You might expect the state’s best school systems to dominate the list of the fastest-growing schools. And indeed, a number of the school districts ranked by The Boston Globe as among the best in the state last year have grown at a decent clip, according to data compiled by The Boston Business Journal.
But many of the systems that have experienced the most growth—those in the top 10—over the past decade also boast another attribute, the BBJ notes: They’re in towns where real estate is affordable. The BBJ points to systems like Freetown-Lakeville and West Bridgewater, the second and fourth fastest-growing in Massachusetts, as evidence.
The BBJ’s data is searchable at its website so you can see how your town has grown over the past decade. You can check it out here. The following are the top 10 fastest-growing schools on their list.
Total students: 976
10-year change: +19%
Total students: 6,831
10-year change: +20%
Total students: 7,288
10-year change: +21%
Note: The Globe ranked Brookline as a top 10 school in the state in 2013.
Total students: 4,440
10-year change: +24%
Total students: 3,067
10-year change: +25%
Total students: 1,481
10-year change: +27%
4. West Bridgewater
Total students: 1,324
10-year change: +30%
Total students: 6,906
10-year change: +30%
Total students: 2,971
10-year change: +57%
Total students: 3,372
10-year change: +72%
Note: If that seems like massive growth, it is. But that can be largely attributed to Pembroke pulling out of the Silver Lake Regional School District about 10 years ago and bolstering its own system. In fact, the town has actually seen a 5 percent decline in the past five years. And the Silver Lake system has in the past 10 years seen a 36 percent drop that can likely be attribued some to the separation, since it has seen a 1 percent increase in the past five years.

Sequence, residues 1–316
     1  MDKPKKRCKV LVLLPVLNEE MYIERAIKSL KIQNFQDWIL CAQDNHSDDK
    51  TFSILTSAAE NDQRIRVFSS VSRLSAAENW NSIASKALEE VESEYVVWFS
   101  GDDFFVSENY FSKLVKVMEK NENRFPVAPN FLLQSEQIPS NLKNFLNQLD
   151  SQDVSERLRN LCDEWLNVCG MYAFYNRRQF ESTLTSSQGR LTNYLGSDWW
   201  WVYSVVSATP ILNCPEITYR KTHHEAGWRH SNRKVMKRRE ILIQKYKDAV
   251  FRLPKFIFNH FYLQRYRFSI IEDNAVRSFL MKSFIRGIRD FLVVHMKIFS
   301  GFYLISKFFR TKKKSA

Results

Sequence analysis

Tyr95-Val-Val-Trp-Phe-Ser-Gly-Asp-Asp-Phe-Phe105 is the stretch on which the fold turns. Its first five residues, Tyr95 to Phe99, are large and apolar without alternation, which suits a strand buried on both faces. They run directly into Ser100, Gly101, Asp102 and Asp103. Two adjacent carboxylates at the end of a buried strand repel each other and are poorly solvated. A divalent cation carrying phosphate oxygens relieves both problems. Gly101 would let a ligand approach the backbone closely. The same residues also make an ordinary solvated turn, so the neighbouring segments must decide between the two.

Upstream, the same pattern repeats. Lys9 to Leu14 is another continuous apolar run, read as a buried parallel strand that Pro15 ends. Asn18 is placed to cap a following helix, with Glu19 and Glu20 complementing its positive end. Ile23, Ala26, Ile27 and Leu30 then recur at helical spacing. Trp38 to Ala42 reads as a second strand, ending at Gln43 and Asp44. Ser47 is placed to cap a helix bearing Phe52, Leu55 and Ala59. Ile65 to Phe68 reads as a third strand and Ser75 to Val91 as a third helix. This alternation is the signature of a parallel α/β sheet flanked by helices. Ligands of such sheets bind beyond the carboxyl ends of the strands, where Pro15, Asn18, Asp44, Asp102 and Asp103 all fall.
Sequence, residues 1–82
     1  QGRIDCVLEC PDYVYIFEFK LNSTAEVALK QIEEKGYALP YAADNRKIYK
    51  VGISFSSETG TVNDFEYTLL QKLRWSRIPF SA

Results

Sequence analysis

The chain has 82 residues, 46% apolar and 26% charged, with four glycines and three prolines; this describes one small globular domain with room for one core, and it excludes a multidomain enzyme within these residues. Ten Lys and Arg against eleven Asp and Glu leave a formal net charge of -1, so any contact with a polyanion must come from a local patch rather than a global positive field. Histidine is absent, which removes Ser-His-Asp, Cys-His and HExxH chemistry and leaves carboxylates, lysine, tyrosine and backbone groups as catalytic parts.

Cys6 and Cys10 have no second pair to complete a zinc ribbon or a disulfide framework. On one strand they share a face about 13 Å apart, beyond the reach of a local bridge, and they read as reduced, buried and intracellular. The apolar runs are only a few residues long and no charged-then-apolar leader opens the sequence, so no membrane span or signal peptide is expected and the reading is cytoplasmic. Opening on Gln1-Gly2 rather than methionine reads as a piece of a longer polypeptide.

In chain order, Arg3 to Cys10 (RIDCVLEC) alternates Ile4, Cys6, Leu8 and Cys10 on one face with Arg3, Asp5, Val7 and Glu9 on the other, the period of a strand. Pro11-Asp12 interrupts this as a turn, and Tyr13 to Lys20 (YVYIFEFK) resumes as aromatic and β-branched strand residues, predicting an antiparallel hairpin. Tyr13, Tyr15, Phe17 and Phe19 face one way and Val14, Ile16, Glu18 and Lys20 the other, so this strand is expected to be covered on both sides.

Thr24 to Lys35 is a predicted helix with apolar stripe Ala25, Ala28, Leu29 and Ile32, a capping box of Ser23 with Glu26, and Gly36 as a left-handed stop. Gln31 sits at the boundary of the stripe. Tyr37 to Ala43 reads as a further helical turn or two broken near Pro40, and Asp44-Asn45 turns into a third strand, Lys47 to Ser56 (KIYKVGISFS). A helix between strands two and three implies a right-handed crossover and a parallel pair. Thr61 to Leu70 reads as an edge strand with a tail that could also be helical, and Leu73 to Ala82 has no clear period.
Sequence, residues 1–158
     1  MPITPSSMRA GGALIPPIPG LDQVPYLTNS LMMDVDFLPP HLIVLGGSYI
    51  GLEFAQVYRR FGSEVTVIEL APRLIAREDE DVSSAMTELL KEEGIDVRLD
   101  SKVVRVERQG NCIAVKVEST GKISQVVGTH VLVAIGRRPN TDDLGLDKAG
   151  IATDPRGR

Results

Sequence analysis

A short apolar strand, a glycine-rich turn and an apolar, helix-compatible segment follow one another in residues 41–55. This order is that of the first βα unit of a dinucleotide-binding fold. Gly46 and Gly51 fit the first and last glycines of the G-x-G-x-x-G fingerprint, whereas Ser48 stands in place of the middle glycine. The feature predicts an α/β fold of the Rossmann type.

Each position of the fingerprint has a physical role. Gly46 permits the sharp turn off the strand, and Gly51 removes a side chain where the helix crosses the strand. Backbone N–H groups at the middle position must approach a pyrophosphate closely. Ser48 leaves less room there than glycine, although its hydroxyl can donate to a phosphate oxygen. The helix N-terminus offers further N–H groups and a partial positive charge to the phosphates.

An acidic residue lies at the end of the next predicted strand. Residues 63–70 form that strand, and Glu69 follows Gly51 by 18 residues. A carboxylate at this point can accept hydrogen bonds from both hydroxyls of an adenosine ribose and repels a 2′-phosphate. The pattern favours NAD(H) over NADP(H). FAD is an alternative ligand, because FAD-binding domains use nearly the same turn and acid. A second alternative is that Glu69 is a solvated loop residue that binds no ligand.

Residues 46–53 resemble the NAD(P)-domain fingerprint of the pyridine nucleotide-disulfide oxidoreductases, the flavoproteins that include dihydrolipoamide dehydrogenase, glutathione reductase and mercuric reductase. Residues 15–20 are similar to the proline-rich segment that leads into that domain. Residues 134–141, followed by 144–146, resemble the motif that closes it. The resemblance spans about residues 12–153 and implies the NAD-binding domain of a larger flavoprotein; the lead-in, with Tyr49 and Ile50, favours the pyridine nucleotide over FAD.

A few other interesting notes:
*Boston has seen a 10 percent decline in the past 10 years.
*Several schools in Western Mass. and Cape Cod are also in the red. Provincetown leads the pack with a 58 percent decrease, followed by the Mohawk Trail system out west at 37 percent. In Provincetown’s case, the town closed its high school last year and began sending students to the Nauset Regional High School. Other Cape Cod towns like Falmouth (-20%), Bourne (-19%), Barnstable (-12%), and Sandwich (-27%) have also experienced drops. Both the Cape and Western Massachusetts have experienced notable population shifts in recent years; the Cape has been losing many of its younger people who would be most likely to have school-aged children, while Western Mass. has been losing much of its population in general.
*The Somerset system, in the southeastern part of the state, has lost 36 percent of its students. That can likely be attributed in part to the formation of a regional high school with the Town of Berkley.
*Of the schools on this list, only Brookline was rated as a top school by the Globe last year. Three districts that ranked in the top 10 have shrunk in the past 10 years: Sharon (-4%), Wayland (-10%), and Weston (-2%).
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